An Indeed.com executive dispensed inside tips to users of the popular career search website in a "Newsday Live!" online event.
Scott Bonneau, vice president of global talent attraction at Indeed.com, was questioned by Faith Jessie, Newsday anchor, and Victor Ocasio, Newsday labor and employment reporter.
Bonneau said that job hunters should mirror key words from job postings to increase the chances that their resume will rise to the top of the pile.
"Make sure you're using the same kinds of language" in your resume and cover letter that you're seeing in the job description, he said.
The Indeed executive also said that job seekers should tailor their resume to each job or type of job.
"Recruiters look for language in the resume that speaks to the experience in the job description," he said. "See the words they're using to describe the skills and experience they're looking for."
When building a resume, Bonneau said to keep it lean:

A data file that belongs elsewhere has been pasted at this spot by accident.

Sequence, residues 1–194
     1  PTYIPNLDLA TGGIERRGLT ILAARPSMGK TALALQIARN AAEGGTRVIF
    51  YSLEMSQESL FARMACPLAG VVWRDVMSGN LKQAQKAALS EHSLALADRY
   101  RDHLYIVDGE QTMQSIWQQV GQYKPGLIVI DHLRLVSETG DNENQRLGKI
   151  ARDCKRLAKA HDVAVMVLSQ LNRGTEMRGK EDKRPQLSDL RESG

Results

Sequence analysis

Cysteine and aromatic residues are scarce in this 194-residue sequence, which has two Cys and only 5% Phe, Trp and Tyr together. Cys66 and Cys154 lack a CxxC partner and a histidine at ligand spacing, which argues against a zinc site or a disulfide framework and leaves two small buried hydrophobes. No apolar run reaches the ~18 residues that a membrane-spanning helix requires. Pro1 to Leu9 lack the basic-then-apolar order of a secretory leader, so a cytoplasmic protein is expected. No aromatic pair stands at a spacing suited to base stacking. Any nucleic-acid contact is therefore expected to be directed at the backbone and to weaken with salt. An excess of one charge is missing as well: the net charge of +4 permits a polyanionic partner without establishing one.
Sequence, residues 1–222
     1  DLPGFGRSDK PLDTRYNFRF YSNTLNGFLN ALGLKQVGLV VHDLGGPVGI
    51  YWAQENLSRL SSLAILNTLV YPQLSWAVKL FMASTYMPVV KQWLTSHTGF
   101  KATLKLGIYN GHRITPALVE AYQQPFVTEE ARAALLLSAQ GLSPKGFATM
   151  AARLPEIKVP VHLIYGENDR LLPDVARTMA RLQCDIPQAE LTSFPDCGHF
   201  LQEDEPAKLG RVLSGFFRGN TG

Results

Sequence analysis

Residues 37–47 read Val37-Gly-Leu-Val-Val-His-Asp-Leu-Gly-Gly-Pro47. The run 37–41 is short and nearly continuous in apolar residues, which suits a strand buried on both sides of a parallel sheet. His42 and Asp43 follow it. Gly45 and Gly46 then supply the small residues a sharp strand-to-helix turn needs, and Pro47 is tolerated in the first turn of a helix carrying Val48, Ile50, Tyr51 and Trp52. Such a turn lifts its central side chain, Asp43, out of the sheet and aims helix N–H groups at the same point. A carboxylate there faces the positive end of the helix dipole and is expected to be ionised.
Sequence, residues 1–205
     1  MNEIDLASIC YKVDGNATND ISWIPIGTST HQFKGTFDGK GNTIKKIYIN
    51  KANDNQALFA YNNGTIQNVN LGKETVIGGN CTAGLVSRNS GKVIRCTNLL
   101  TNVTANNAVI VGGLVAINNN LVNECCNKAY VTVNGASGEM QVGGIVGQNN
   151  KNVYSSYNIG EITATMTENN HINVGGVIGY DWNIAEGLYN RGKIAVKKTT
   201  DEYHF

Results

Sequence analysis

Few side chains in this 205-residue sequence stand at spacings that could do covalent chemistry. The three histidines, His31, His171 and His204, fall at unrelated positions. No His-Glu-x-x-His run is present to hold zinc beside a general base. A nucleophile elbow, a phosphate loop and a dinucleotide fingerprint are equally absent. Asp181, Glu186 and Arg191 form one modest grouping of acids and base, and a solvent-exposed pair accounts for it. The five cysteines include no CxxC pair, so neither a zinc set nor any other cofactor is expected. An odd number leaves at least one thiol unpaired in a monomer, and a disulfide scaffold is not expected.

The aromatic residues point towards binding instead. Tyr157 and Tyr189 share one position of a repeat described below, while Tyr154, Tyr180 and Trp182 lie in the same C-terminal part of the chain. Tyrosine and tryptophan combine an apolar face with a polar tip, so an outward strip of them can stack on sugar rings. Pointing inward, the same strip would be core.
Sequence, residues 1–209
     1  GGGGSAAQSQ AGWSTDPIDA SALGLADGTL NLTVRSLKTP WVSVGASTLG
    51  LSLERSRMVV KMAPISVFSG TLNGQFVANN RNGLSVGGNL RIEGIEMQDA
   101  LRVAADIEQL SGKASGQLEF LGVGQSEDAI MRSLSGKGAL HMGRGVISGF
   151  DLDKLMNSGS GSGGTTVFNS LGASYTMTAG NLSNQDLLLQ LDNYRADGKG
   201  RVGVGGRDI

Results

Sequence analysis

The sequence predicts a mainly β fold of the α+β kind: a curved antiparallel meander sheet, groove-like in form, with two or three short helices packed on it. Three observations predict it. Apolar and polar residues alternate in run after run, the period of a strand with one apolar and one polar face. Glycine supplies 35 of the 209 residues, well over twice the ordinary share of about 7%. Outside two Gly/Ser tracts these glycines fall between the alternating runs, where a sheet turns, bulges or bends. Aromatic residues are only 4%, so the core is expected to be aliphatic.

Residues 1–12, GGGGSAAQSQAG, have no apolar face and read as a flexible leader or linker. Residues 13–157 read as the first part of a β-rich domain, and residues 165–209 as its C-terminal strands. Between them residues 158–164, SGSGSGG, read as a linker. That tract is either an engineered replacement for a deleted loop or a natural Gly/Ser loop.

•Only include the most relevant and important information;
•Exclude irrelevant jobs (unless you have fewer than three years of experience) or those held more than 15 years ago;
•Use five to seven bullet points to describe accomplishments and duties at your most recent job;
•Use three to five bullet points maximum on previous jobs;
•Bold face your name in section headers and use professional and clean formatting.
Bonneau said resumes typically are processed by applicant-tracking system software that extracts relevant information, such as name, contact information and past experience.
He said that the software typically ignores resume images, but applicants should remove graphics if they might interfere with processing.
Indeed is seeing an uptick in postings for remote jobs and Bonneau said that the web site has tools that allow applicants to search for remote posts plus jobs in their geographical region.
Though scams targeting job hunters are uncommon on Indeed, Bonneau acknowledged that they do happen.
Applicants should be wary of jobs that promise: get-rich quick schemes; unusually high pay, or job offers on the spot, he said.
Bonneau said job hunters never should send payments to potential employers or provide confidential information before they are hired.